Apologies to those who sought a post last week. My time in Boston wiped me out so badly, I was terribly sick (with morning sickness) for the three days following my return. It was the return flight, not the YogaFit training itself, that did me in. I’ve never been on such a long flight in my life!

 

But onward…

 

The final two days of my conference I spent in Anatomy and Alignment. Now, I’ve studied the bones and muscles that comprise the body before. It’s a part of every fitness certification you’ll take: study and memorize the major muscles and bones that move the body in its various directions and orientations.

 

A lot of people find anatomy boring. Frankly, I don’t blame them. When you’re sitting at a desk slogging through pages of bones and structures, trying to remember every term thrown at you, it is boring.

 

But this course wasn’t. We were up and moving and talking about how things like tight fascia in the sole of your foot can give you headaches. Yes, it’s true! A sore hip will cause back and shoulder problems. Tight muscles in your chest can contribute to carpel tunnel syndrome.

 

It was a fascinating class that finally put the puzzle together for me into one solid, complete picture. Finally I saw how a dorsiflexed foot stabilized the knee and even hip. Finally I realized how root lock, or mula bandha, actually originated–from the arch of the foot all the way up the inner thigh to the pelvic floor region. So often, as fitness instructors, we focus on one general area and forget that it’s connected to something else, which is connected to something else, which is connected to everything in the body. Here are a few wonderful examples:

 

  • The breath is essential to life. It is also essential to oxygenating the blood and moving the lymph through the body (with repetitive motions) in order to cleanse the lymphatic system.
  • Kyphotic, or forward rounded, shoulders inhibit breathing, tighten the chest muscles that stabilize the arms, loosen the upper/middle back muscles that stabilize the scapula and arms, and load the lower back. Hence, in addition to lower back pain, people working at office desks have higher rates of anxiety, panic attacks, headaches (tight neck muscles from deviations in the cervical spine) and lower self-esteem.
  • A posterior pelvic tilt from constant or continuous sitting lengthens out lower back muscles, tightens hip flexors and abdominals. This tilt brings the low back into flexion, and increases the likelihood of a kyphotic upper back. Over time, the region can destabilize from lack of use, creating joint instability through both the hip and back, which is why something as simple as walking can cause back strain or even herniated vertebral discs.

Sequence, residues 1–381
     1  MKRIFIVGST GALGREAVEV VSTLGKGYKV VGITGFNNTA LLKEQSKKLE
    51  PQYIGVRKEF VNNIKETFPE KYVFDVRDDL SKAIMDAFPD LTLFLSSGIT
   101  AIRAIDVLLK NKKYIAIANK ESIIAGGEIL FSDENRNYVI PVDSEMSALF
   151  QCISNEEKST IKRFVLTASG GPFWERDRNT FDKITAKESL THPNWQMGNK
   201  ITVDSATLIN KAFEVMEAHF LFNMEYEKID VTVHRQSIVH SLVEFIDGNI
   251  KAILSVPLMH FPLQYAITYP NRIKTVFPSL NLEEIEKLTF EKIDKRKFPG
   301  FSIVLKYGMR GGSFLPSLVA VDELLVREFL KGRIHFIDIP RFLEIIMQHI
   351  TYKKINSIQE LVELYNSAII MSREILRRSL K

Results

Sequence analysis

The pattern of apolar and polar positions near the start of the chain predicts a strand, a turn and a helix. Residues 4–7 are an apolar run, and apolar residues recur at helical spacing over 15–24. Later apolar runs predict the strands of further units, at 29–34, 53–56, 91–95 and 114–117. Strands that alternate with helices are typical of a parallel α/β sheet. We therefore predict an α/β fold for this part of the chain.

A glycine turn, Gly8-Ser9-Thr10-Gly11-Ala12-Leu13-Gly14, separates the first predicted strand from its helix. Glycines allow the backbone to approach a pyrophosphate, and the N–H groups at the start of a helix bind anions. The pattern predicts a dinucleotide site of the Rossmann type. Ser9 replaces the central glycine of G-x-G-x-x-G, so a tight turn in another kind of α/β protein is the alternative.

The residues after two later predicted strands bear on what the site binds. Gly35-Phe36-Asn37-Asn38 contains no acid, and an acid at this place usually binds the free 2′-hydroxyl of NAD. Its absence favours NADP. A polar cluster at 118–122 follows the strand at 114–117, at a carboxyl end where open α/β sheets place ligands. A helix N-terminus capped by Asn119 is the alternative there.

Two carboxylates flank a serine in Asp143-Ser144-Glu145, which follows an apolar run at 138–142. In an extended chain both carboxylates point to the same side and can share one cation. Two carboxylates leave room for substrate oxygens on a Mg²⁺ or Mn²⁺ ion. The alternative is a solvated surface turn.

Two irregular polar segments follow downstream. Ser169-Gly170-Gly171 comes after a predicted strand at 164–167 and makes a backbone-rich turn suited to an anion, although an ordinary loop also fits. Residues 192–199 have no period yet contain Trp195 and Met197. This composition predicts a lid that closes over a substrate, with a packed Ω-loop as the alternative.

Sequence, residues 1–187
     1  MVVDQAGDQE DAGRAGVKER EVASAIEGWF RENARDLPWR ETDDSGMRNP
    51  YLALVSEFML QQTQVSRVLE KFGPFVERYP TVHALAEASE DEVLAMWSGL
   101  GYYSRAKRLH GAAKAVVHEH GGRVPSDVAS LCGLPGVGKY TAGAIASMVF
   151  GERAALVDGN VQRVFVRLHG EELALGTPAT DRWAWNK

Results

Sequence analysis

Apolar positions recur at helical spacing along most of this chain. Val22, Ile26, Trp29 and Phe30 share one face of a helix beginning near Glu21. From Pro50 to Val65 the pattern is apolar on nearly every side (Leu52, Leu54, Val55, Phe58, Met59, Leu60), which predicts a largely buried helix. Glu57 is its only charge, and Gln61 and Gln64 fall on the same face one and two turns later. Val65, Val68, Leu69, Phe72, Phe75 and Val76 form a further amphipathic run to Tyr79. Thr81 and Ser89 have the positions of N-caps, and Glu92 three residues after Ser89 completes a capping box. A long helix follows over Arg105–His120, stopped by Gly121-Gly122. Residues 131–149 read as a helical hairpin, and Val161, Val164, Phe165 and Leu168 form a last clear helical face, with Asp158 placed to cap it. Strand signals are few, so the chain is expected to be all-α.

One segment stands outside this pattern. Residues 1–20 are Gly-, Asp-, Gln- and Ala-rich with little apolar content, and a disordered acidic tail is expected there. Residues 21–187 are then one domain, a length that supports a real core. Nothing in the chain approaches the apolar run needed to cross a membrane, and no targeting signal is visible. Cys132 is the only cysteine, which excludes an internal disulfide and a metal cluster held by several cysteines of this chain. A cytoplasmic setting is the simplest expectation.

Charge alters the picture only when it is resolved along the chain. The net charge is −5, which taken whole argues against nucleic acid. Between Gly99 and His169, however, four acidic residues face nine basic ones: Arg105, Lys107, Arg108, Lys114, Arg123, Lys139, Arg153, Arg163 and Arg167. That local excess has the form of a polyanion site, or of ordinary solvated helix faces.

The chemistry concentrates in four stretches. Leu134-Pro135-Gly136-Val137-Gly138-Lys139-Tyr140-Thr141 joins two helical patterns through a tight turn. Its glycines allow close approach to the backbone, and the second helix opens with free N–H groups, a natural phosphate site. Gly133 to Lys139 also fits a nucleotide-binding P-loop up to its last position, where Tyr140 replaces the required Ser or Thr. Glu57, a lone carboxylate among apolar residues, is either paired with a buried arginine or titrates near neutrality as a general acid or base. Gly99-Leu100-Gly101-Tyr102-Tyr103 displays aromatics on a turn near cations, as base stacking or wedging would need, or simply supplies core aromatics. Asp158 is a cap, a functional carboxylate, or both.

• Gentle movement in all directions of the spine, particularly those that combat forward flexion of the spine, stimulate the synovial fluid in the joint capsules, reducing friction and increasing range of motion. Over time, opening up the chest (heart’s center) and building strength in the core muscles (abdominals, back, gluts–those muscles that stabilize the low back and pelvis) corrects postural deviation and improves the alignment of the entire skeletal structure. Movement with breathing ensures that this is done safely.

 

Amazing, isn’t it? And there is so much more. Sometimes, in fitness, we get swept up by thoughts of go, go, go. I encourage everyone to take a little time to study how the body integrates together. You’ll have a better understanding of how the mechanics in the body work so that you end up with a safer, smarter, more challenging workout regimen and diet that promotes strong, nourished bodies.

 

Go and learn something new today 🙂

This month I thought I’d share a few favorite recipes that I personally enjoy. They aren’t necessarily in line with “March Madness” at all, but by March, we’re all feeling somewhat squirrelly for spring, particularly those who are still caught in snow. So here are a couple great, tasty recipes for you to try, and adapt at will.